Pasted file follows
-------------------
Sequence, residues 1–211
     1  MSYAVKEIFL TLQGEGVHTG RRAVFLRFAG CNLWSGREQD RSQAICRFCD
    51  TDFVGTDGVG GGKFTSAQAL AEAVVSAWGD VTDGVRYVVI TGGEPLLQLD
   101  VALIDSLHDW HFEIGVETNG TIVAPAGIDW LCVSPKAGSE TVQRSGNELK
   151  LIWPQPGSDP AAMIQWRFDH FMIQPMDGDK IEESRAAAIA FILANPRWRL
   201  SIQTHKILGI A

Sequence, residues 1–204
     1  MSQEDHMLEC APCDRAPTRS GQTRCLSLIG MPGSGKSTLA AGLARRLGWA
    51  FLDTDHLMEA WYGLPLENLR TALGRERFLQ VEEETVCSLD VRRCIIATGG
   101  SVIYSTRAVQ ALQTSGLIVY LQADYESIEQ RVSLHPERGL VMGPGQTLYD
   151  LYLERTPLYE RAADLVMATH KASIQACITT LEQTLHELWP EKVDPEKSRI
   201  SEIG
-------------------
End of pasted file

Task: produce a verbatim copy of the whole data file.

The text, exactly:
Sequence, residues 1–211
     1  MSYAVKEIFL TLQGEGVHTG RRAVFLRFAG CNLWSGREQD RSQAICRFCD
    51  TDFVGTDGVG GGKFTSAQAL AEAVVSAWGD VTDGVRYVVI TGGEPLLQLD
   101  VALIDSLHDW HFEIGVETNG TIVAPAGIDW LCVSPKAGSE TVQRSGNELK
   151  LIWPQPGSDP AAMIQWRFDH FMIQPMDGDK IEESRAAAIA FILANPRWRL
   201  SIQTHKILGI A

Sequence, residues 1–204
     1  MSQEDHMLEC APCDRAPTRS GQTRCLSLIG MPGSGKSTLA AGLARRLGWA
    51  FLDTDHLMEA WYGLPLENLR TALGRERFLQ VEEETVCSLD VRRCIIATGG
   101  SVIYSTRAVQ ALQTSGLIVY LQADYESIEQ RVSLHPERGL VMGPGQTLYD
   151  LYLERTPLYE RAADLVMATH KASIQACITT LEQTLHELWP EKVDPEKSRI
   201  SEIG